If you see a whole thing - it seems that it's always beautiful. Planets, lives... But up close a world's all dirt and rocks. And day to day, life's a hard job, you get tired, you lose the pattern. - Ursula K. LeGuin

Monday, March 9, 2009

Growing Pains

Angel came home for the weekend. It is Spring Break for both of us. Originally he was going to be home for the entire break so he could work but there is no work. So he decided to go backpacking with his fraternity brothers for the rest of the week. He came home to hang out, eat, and borrow gear. Boredom has always been Angel's nemesis. Just the thought that he may end up bored strikes terror in his heart. There is no way he felt he could survive a week home without friends or work to occupy him. But a weekend appears to be doable.

Friday night we all went to the dojo together. During the workout he appeared unmotivated and not very social. As soon as we left he became highly critical of everything taught or not taught in the dojo. I held my tongue. Much of Saturday was similar. We had to run errands as a family and went out for lunch. His comments seemed harsh and rigid to me. He seemed defensive and I, in particular, seemed to be doing nothing right in his eyes--from my feminism to my dieting to my career choice.

I tried hard to let things roll off my back and not take them personally. Earlier in the week a colleague mentioned his family expecting him to go home for regular visits but how being with family can push your buttons. I know this myself only too well. I don't want to push Angel's buttons or allow him to push mine. I want an adult relationship with him; I don't want him to feel that he is being pushed back into a box every time he visits. I want to be able to enjoy the man he is becoming without missing the boy each time I see him.

These transition visits are difficult for both of us. It is hard to find comfortable ground between who he was and who he is. Young adults often assert their adult status by rejecting beliefs and values of their parents; by taking a strong stance and defending it. I imagine this is particularly hard when you (a) mostly agree with your parents and (b) have very laid-back parents. So sometimes the arguments/discussions get very lame and far-fetched. However it is mostly the hostile tone and attitude that bothers me. I think I'm pretty good at not taking it personally; at seeing it as an internal struggle and feeling sympathy for him. However it is hard to go long stretches of time in his presence without feeling the love. I think it is the absence of warmth that bothers me the most.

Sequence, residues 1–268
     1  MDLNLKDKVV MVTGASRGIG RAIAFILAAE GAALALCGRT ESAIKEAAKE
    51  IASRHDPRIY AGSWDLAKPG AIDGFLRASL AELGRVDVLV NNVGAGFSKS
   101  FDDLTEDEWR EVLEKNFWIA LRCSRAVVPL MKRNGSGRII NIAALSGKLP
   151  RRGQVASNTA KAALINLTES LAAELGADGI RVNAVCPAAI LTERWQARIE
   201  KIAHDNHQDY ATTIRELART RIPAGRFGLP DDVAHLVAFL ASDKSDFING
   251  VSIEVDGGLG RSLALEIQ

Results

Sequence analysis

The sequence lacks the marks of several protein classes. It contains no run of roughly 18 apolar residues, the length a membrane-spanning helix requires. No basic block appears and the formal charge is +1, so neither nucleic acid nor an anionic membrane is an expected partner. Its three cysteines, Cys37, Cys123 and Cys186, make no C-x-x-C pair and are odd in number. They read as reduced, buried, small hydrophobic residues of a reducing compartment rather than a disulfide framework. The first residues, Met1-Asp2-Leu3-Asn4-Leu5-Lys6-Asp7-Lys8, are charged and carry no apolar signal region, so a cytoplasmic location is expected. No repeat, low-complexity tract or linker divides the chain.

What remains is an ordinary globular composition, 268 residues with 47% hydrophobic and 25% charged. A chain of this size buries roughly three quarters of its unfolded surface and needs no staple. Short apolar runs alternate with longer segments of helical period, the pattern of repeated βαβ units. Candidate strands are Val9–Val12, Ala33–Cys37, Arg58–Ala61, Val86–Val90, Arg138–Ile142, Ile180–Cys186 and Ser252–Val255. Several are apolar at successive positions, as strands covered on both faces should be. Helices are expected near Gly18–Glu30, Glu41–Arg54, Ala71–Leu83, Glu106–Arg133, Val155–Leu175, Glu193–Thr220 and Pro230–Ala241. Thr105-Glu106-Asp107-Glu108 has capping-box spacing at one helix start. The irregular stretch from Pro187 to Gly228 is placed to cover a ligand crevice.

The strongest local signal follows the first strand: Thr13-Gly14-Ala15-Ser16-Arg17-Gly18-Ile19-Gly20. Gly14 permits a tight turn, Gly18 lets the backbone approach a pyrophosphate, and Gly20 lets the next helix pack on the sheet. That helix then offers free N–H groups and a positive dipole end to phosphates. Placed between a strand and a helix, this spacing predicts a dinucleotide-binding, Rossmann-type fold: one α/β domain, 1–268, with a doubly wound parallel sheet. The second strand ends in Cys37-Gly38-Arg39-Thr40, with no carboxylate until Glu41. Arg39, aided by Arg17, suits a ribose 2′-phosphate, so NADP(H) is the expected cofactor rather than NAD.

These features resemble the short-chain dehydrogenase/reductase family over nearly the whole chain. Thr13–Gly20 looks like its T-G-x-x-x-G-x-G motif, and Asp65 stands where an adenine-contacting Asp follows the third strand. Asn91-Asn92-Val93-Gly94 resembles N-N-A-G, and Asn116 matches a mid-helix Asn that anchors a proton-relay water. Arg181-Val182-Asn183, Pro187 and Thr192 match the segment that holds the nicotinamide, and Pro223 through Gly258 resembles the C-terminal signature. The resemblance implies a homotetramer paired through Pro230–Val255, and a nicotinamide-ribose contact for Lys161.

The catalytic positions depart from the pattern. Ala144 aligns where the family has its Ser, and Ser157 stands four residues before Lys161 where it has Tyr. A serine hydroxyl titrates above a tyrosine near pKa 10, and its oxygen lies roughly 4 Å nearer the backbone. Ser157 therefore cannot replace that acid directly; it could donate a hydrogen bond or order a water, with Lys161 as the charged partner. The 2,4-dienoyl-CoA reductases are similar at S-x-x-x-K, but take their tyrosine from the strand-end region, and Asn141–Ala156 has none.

Saturday night Pumpkin and her friend/my student came over for dinner. The weather had been gorgeous all day so b grilled and we all hung out in the backyard eating dinner by candlelight and then sitting around the firepit. Angel joined in but was rather quiet and kept disappearing to work on a fraternity project. The fraternity is pretty much his world now. After the girls left, he came into our room and snuggled on the bed--working--while b and I watched TV. Then this morning he called me into his room for a snuggle and we spent a pleasant day together--no real deep conversations but no defensiveness or hostility either. At the end of the day we all had a nice dinner and then off he went.

I know one day visits will be happy occasions, I just don't know when.


Amanda@Lady Scientist said...

As someone who had a hard time asserting my independence, the visits home got much better after my first year away. If it can happen with me, it can happen with anyone. I'm sorry that it's so hard for you. [As an aside: I instant messaged my dad after reading this and apologized for being so difficult. He appreciated it. So, thank you for posting this.]

MsPrufrock said...

I still have trouble going back home and not having an attitude, and I'm 30!

I'm glad that at least some of the visit was pleasant. I'm sure he'll come round soon.

Julie said...

I used to be that way, too. I remember coming home from college, and everything my parents did irritated me. I think it's how we establish our independence and launch into adulthood. But knowing that doesn't make it any easier when I irritate my daughter:)